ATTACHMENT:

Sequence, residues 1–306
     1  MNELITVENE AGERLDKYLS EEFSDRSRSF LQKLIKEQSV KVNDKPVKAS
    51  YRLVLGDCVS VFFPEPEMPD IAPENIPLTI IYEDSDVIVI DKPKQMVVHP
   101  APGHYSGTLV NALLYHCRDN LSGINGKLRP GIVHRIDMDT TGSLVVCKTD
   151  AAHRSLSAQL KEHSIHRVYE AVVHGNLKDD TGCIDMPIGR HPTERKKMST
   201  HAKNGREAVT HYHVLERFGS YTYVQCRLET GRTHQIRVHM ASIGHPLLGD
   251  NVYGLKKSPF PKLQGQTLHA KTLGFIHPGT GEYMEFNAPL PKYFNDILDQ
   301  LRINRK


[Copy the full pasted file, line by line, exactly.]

Sequence, residues 1–306
     1  MNELITVENE AGERLDKYLS EEFSDRSRSF LQKLIKEQSV KVNDKPVKAS
    51  YRLVLGDCVS VFFPEPEMPD IAPENIPLTI IYEDSDVIVI DKPKQMVVHP
   101  APGHYSGTLV NALLYHCRDN LSGINGKLRP GIVHRIDMDT TGSLVVCKTD
   151  AAHRSLSAQL KEHSIHRVYE AVVHGNLKDD TGCIDMPIGR HPTERKKMST
   201  HAKNGREAVT HYHVLERFGS YTYVQCRLET GRTHQIRVHM ASIGHPLLGD
   251  NVYGLKKSPF PKLQGQTLHA KTLGFIHPGT GEYMEFNAPL PKYFNDILDQ
   301  LRINRK